Barney's Blog

Blog archive

Conficker Worm Won't Die

In high school, every hipster doofus had to read "Dune." Slogged my way through 504 pages. Threw it down with 40 pages to go out of pure disgust. I wouldn't give Frank Herbert the satisfaction of finishing this waste of good pine.

The thing I remember from 30-plus years ago is these "Dune" worms were seemingly unstoppable. Just like Conficker. This Windows worm, now nearing its fifth birthday, isn't just old. It also hasn't been seriously updated for two years. Despite the neglect, Conficker remains a major threat, Redmond warns. In the last three years infections have increased 225 percent, and it's on pace to infect 2 million systems in the coming months.

The biggest hole Conficker strolls through is weak passwords. Strengthen these and you're halfway there. Want to be almost all the way home? Keep your systems patched. It's almost that easy and that fundamental.

In general, Microsoft sees threats going down some 30 percent for high vulnerabilities in the half of the last year. I'll take that. Want more, but I'll take that.

I know this item will aggravate a bunch of "Dune" fans, many of whom swallowed all 14 volumes, and for that I apologize. Herbert clearly has more talent in his little find than I have in my entire Periproct. I also happen to hate "Ulysses," considered the best novel ever written. Bah!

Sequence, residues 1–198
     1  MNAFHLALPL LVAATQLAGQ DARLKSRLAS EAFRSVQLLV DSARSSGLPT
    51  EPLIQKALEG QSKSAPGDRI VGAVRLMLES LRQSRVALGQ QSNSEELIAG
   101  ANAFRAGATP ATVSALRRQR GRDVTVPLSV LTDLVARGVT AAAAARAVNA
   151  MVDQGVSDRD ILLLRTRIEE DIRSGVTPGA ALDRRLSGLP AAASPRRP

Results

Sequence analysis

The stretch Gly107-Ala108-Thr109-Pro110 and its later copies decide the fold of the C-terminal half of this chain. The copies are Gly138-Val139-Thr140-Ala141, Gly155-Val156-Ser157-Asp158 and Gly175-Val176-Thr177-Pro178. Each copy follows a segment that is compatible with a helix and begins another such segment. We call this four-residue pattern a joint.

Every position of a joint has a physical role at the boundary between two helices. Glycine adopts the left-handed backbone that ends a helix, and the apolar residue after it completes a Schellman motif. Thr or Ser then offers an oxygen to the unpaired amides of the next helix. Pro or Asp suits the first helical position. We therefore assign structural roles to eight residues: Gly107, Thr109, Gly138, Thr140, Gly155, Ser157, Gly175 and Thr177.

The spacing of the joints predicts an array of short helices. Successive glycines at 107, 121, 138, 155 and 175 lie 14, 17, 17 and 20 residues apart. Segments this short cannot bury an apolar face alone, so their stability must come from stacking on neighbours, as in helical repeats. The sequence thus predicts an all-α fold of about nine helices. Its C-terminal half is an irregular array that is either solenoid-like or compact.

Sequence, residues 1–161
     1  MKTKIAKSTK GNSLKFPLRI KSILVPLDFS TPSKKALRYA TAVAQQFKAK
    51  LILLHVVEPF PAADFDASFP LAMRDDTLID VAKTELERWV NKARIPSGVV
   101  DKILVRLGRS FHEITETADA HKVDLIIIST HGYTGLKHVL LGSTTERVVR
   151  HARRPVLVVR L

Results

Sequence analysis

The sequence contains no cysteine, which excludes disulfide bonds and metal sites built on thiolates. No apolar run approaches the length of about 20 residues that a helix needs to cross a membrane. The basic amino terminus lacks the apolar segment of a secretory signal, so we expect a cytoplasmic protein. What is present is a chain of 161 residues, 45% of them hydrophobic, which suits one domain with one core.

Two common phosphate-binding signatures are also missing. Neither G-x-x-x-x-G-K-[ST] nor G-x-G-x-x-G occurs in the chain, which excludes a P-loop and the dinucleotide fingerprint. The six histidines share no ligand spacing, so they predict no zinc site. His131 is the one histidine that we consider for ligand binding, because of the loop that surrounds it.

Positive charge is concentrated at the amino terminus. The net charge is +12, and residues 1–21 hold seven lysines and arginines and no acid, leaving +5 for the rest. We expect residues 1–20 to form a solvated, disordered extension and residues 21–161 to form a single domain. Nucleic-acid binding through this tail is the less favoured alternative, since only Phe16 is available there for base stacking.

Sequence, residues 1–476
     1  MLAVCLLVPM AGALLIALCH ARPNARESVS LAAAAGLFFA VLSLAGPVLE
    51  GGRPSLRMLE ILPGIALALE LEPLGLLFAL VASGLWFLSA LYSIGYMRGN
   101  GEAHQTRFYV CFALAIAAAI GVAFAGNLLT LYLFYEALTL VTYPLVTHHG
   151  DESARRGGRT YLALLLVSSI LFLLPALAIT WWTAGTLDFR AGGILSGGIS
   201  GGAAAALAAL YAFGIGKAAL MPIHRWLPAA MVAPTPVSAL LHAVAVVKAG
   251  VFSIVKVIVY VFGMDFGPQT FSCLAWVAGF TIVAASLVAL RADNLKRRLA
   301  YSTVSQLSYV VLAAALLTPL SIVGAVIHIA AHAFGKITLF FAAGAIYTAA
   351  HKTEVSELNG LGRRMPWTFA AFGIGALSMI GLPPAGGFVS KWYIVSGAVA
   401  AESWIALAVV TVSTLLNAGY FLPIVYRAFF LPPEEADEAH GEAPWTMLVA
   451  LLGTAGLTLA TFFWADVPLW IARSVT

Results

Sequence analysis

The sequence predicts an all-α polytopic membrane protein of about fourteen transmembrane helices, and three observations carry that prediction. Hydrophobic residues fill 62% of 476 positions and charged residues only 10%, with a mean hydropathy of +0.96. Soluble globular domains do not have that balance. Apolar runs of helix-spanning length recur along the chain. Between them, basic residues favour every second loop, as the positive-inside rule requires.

Am I wrong to think that Dune is one of the most  overwritten books out there (let's try to keep religion out of it)? Fire up your keyboard and mail missives to

Posted by Doug Barney on 04/30/2012 at 1:19 PM

comments powered by Disqus

Reader Comments:

Mon, May 21, 2012 Bob R Bogle United States

I'm not offended by what books people do or don't like; certainly I'm no fan of what's usually most publicly-acclaimed. Although Ulysses is the best novel I've ever read, and Moby-Dick is pretty high on the list . . . So far as science fiction goes, I myself am partial to Herbert:

Wed, May 2, 2012

You're reaching too far with the "waste of good pine" comment. I loved the series (read the first book at 13). I'm sorry that you failed to appreciate the richness of the authors imagination. There are few books out there that touch on as many different themes as Herbert's Dune series. He covers everything from machiavellian feudal politics, to religious fanatics, to rights of passage, romance, environmental justice, the consequences of a technology dominated existence and thats just the tip of the iceburg. Just becuase you did not particulary care for it does not mean it's garbage. You have seriously marginalized yourself on this one.

Mon, Apr 30, 2012 Lucian

I agree with worms (or Shai-Hulud), but the whole Dune saga is a masterpiece. I read all 18 books at least once. It is just a matter of taste, like food. Happy reading :)

Mon, Apr 30, 2012 John Canberra Australia

I tried reading Dune circa 1969 but didn't even get a quater way into the book. I have intended to try again - maybe when I retire and run out of things to do. I liked the movies.

Mon, Apr 30, 2012 Gene

I loved Dune. I thought it was a more challenging and interesting than the accessible "Foundation" series. The worst book I had to slog through was "Moby Dick".

Mon, Apr 30, 2012 Alex CT

Ha! I couldn't agree more with you on the Dune - never could understand all the hype around it.

Mon, Apr 30, 2012

Ugh. Are you getting paid per blog response? Useful tech stories don't need bad literary analogies.

Mon, Apr 30, 2012 Don

Please don't give up your "day" job, to be a literary critic, so far your 2 down.

Add Your Comment Now:

Your Name:(optional)
Your Email:(optional)
Your Location:(optional)
Please type the letters/numbers you see above

Redmond Tech Watch

Sign up for our newsletter.

I agree to this site's Privacy Policy.